Saturday, January 27, 2007

Discernment on Prayer ...

Contemplative Prayer & Spirituality

Contemplative Prayer – is a method or technique that helps an individual empty their mind of thought through repetition using a word or phrase or breathing exercise. Contemplative prayer’s purpose is to allow an individual to enter into an altered state of consciousness in order to find one’s true self, therein finding God. This true self relates to the belief that man is basically good. Contemplative prayer teachers (spiritual guides) teach that all human beings have a divine center and that all, not just born again believers, should practice contemplative prayer.

Thomas Merton, ( in his book, “Thoughts on the East” – page 34 states, “Contemplative consciousness is a trans-cultural, trans-religious, trans-formed consciousness … it can shine through this or that system, religious or irreligious.

Jodi Mailander Farrell states in “A Quiet Revolution”, a Miami Herald article, – “Sparked by Eastern meditative techniques, today’s version of centering prayer is bent on stilling the mind.” (This article has been removed from the Miami Herald archives.)

Here is what Contemplatives Have To Say About This Form of Prayer and the Contemplative Lifestyle:

"For Fr. Bede, being universal meant to be centered and grounded. He generated this universality of heart through his daily practice of meditation and contemplative prayer, and this opened him ever more to the myths, symbols and teachings of the other great religions of the world."
Man, Monk, Mystic” by Pascaline Coff, O.S.B. Speaking of Bede Griffiths.

"This understanding of the unity of the human family is central to Christianity. Our spiritual journey, especially contemplative prayer, together with its practices for daily life, are processes of becoming aware of just how profound that unity is with God, ourselves, other people, other living beings, the earth, and all creation." Thomas Keating in “The Transformation of Suffering”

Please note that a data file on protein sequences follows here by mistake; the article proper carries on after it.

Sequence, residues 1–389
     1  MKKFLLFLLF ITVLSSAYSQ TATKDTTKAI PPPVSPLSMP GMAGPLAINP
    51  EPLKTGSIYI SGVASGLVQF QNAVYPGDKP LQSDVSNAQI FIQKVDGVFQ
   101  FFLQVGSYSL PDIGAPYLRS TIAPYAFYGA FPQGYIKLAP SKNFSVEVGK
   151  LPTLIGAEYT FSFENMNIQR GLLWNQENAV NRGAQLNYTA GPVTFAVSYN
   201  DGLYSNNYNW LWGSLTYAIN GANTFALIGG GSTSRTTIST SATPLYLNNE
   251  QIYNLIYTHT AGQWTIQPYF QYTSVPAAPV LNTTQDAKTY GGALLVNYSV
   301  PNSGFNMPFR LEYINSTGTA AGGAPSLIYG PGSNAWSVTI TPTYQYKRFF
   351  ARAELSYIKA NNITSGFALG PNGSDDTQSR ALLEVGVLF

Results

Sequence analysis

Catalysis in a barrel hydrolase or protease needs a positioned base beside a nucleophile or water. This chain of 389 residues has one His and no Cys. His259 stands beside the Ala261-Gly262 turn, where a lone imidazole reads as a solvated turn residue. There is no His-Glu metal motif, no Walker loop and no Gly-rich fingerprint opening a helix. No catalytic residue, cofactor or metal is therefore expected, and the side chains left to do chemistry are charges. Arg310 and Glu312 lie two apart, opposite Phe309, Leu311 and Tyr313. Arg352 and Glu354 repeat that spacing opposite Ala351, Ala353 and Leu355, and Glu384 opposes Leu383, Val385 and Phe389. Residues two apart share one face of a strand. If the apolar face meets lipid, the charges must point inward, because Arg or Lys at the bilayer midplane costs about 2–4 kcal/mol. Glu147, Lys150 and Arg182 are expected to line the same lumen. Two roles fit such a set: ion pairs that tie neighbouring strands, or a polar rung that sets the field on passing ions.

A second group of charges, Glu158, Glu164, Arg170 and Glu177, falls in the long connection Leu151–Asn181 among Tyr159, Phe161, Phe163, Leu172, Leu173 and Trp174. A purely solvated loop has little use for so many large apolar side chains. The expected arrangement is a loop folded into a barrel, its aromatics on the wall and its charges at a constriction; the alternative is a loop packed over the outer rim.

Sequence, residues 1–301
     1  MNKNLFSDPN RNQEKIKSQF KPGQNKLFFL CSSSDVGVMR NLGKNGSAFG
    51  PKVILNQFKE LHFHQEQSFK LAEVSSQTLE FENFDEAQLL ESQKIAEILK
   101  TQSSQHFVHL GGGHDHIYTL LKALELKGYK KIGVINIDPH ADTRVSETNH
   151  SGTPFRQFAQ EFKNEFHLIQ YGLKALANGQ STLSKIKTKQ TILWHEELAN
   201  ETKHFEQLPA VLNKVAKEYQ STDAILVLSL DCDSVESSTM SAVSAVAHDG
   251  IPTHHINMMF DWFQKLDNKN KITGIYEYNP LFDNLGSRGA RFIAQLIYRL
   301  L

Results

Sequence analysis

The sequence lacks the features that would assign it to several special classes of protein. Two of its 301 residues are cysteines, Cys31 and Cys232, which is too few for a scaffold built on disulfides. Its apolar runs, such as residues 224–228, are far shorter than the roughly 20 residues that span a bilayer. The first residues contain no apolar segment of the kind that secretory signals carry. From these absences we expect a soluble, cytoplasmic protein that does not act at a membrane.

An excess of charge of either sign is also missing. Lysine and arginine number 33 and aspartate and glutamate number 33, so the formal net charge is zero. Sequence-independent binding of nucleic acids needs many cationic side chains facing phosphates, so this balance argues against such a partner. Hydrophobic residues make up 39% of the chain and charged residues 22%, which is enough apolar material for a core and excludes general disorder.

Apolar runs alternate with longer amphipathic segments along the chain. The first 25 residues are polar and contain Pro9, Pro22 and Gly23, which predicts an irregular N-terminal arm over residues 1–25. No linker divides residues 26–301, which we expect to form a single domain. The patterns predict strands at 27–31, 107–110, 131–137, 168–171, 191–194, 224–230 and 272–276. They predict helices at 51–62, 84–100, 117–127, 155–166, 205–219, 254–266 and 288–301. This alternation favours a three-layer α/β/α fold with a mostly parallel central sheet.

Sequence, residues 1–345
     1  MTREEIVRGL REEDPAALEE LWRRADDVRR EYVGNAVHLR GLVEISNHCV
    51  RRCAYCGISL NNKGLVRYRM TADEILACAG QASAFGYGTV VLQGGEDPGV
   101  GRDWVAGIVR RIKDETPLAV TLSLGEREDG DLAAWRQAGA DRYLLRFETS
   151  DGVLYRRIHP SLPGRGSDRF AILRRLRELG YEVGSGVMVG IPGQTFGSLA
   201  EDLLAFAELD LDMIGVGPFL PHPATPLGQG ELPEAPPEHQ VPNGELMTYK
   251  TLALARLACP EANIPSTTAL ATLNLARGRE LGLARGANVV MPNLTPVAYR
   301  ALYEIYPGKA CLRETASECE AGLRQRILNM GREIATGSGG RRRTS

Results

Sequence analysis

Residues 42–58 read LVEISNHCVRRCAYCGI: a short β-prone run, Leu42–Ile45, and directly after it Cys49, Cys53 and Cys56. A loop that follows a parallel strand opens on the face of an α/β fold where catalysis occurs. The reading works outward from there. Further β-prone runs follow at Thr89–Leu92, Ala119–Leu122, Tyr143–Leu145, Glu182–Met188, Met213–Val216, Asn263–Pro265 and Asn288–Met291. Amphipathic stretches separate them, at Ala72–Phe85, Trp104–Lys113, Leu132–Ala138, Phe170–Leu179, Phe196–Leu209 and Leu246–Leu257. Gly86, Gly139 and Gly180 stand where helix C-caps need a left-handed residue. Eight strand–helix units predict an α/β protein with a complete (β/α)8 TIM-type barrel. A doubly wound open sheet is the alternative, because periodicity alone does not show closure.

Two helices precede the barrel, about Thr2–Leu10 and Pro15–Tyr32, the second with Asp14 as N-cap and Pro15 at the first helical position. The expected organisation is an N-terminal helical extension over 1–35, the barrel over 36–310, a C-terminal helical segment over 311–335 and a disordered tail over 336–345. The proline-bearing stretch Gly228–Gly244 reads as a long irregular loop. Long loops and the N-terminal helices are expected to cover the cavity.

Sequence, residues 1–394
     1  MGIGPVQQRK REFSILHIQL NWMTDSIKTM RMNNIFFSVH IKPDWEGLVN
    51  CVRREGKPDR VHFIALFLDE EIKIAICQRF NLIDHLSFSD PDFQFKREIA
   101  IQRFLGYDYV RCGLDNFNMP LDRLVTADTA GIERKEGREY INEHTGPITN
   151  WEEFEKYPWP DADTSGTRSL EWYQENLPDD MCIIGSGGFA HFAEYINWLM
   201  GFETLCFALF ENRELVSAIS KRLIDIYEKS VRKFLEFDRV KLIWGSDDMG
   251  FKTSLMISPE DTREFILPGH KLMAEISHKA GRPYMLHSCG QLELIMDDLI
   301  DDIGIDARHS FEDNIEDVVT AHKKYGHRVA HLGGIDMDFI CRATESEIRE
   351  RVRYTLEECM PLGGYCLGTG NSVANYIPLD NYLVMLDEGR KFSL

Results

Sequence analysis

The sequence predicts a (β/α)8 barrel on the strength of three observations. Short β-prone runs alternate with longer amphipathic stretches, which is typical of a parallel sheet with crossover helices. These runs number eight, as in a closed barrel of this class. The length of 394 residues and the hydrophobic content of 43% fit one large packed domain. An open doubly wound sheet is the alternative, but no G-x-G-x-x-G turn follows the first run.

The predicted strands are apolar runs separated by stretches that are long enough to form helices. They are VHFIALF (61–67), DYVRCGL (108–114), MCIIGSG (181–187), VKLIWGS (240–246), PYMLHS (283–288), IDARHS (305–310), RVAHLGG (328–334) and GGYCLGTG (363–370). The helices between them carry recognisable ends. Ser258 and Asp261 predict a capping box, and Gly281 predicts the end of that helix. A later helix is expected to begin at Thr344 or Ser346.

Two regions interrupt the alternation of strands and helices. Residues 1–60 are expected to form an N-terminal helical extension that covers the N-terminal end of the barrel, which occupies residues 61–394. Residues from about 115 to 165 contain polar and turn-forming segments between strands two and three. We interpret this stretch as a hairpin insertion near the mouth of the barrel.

"... beyond our methods and understanding is an ultimate reality that is open to all people regardless of their religious traditions. The overwhelming sense of this groundbreaking conference was the unifying force of a contemplative prayer practice."
Jena Hatchett WCCM 2001

Contemplative Terms
"inside" terms used by contemplatives:

  • Labyrinths
  • Enneagrams
  • Prayer Stations
  • Breath Prayers
  • Jesus Candles
  • The Jesus Prayer
  • Lectio Divina
  • Taize
  • Palms Up, Palms Down
  • Yoga
  • The Silence
  • Sacred Space
  • Ancient Prayer Practices
  • A Thin Place
  • Divine Mystery
  • Spiritual Direction

  • Ignation Contemplation
  • Contemplative
  • Centering
  • Centering prayer
  • Prayer of the Heart
  • Dark night of the soul
  • Practicing the Presence
  • Divine Center
  • Inner light
  • Mantra
  • Awareness of Being
  • Slow Prayer
  • Being in the Present Moment
  • Beyond Words
  • Spiritual Disciplines
  • Spiritual Formation

Many of these terms are considered "inside" terms according to many contemplatives, such as Youth Specialties writer, Michael Perschon. On April 16th, 2006, Youth Specialties issued a new article by Perschon that coincidentally illustrates the very

thing we are saying here.

"Fitness buffs have an inside language. The
really serious ones like to use proper anatomy
terms, like gluteus maximus instead of bum.
They still mean bum but, like most experts,
enjoy having some special knowledge others
don't have. People who practice contemplative
prayer are often no different. Like any other
practice, contemplative prayer has its own
inside language, which is clear to the initiated
but means little to outsiders. Much of the
writing on contemplative prayer uses this
inside language."
Michael Perschon,
Contemplative Prayer Practices

Eugene Peterson’s “The Message Bible” – promotes contemplative spirituality – it uses terms like “as above, so below”; The Message "Bible" Omits "Lord Jesus" The King James Bible refers to Jesus as "Lord Jesus" about 115 times. The New King James Bible uses this term about the same amount of times and the New American Standard about 100 times. How many times does Eugene Peterson's The Message use the phrase "Lord Jesus"? None! Not once. Never! (Check it out at ( I would not use this Bible nor have it in my home!